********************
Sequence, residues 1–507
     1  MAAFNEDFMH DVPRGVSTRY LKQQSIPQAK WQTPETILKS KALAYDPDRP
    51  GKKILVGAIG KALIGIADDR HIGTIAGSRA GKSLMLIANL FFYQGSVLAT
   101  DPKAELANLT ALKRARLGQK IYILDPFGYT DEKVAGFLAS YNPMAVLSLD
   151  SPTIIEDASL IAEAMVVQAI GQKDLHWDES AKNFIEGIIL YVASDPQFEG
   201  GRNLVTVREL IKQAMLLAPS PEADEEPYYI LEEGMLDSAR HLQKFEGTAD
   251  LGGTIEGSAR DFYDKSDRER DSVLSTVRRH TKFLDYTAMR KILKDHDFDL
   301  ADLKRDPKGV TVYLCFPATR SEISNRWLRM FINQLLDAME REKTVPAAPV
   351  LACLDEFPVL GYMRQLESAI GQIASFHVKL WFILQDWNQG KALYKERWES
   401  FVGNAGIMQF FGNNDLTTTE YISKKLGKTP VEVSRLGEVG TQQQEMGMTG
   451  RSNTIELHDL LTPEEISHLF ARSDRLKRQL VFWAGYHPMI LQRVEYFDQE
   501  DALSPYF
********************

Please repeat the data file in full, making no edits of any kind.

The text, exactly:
Sequence, residues 1–507
     1  MAAFNEDFMH DVPRGVSTRY LKQQSIPQAK WQTPETILKS KALAYDPDRP
    51  GKKILVGAIG KALIGIADDR HIGTIAGSRA GKSLMLIANL FFYQGSVLAT
   101  DPKAELANLT ALKRARLGQK IYILDPFGYT DEKVAGFLAS YNPMAVLSLD
   151  SPTIIEDASL IAEAMVVQAI GQKDLHWDES AKNFIEGIIL YVASDPQFEG
   201  GRNLVTVREL IKQAMLLAPS PEADEEPYYI LEEGMLDSAR HLQKFEGTAD
   251  LGGTIEGSAR DFYDKSDRER DSVLSTVRRH TKFLDYTAMR KILKDHDFDL
   301  ADLKRDPKGV TVYLCFPATR SEISNRWLRM FINQLLDAME REKTVPAAPV
   351  LACLDEFPVL GYMRQLESAI GQIASFHVKL WFILQDWNQG KALYKERWES
   401  FVGNAGIMQF FGNNDLTTTE YISKKLGKTP VEVSRLGEVG TQQQEMGMTG
   451  RSNTIELHDL LTPEEISHLF ARSDRLKRQL VFWAGYHPMI LQRVEYFDQE
   501  DALSPYF